Lisa’s Story (age 17)
“For many years I suffered from what is known as clinical depression, a diagnosis I received from psychiatrists and doctors. From the early days of my problem, I was prescribed various antidepressants. I also suffer from Obsessive Compulsive Disorder and Chronic Fatigue Syndrome. During this time, I thought about suicide on many occasions. Life seemed to be of no use, no purpose, and I didn’t want to spend the rest of it living in the big black hole I seemed to exist in. I felt lost and alone. No one knew how to help me. Of course, many people tried to help, but for a long while I suffered alone, thinking I was beyond help; just willing myself to die. On more than one occasion, I attempted to take my life, never thinking I could find any solutions to getting any better than just coping from day to day, taking drugs and lashing out at everyone and everything around me.
“My friends and family were desperate for my recovery. Endless visits to the school counsellor seemed to make no difference. I spent many months ‘in therapy’ with a psychiatrist. Same outcome. Those many years of taking antidepressants and even alternative natural medication resulted in no answer. In fact, things were getting steadily worse. Quite apart from my depressive sickness, there was a steadily increasing pressure on me to get better. Pressure that people who had no idea of the loneliness of me applied. I know they had the best intentions, but they didn’t know they were adding incredibly to my burden.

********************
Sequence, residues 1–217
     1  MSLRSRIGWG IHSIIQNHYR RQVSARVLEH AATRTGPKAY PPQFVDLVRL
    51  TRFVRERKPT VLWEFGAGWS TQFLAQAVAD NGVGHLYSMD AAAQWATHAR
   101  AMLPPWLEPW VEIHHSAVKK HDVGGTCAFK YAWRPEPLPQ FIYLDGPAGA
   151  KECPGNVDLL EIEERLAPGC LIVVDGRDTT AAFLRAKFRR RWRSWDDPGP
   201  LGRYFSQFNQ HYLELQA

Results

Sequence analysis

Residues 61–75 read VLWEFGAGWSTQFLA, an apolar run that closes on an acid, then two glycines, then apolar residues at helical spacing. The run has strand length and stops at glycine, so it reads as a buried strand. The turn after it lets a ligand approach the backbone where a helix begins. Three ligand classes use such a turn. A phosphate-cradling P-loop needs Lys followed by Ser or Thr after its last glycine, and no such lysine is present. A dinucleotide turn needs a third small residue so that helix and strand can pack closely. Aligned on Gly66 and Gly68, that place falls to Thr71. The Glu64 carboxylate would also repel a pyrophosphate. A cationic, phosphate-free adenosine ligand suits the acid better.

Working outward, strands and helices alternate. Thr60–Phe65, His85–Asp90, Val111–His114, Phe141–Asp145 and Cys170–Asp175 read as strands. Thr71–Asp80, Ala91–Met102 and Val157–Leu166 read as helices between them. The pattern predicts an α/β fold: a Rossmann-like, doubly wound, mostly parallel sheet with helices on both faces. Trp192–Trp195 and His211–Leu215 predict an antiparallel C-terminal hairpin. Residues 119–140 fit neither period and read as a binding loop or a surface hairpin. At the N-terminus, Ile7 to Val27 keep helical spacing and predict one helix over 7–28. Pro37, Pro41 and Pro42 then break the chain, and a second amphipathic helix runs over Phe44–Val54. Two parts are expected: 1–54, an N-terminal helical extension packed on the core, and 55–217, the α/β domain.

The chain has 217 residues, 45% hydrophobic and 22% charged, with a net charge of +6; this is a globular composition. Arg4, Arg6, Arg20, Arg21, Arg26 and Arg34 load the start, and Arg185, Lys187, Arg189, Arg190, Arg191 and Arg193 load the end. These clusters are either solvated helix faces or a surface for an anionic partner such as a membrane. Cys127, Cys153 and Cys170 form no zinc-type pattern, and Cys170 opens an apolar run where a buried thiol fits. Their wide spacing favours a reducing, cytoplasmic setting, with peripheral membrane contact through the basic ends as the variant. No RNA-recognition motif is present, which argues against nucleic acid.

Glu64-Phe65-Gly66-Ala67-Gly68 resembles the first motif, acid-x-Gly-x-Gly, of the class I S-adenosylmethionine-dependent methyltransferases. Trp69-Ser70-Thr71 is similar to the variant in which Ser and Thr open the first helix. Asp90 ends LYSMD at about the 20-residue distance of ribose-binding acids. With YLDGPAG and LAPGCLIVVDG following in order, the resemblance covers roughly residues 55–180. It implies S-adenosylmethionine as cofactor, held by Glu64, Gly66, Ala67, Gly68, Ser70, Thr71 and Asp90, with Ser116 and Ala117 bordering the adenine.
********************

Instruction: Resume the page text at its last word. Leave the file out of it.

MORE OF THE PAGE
“Then my parents heard about Ian White and his work, which he called Af-x therapy. My parents had no idea how it worked and, quite incorrectly, translated it to me as being ‘hypnotherapy.’ This, of course, didn’t help my expectations and I was opposed to the idea of seeing him from the start. In fact, I was very sceptical about the idea, I thought it would be another case of crazy person with crazy antics claiming to have all the answers. For this reason, I refused the treatment.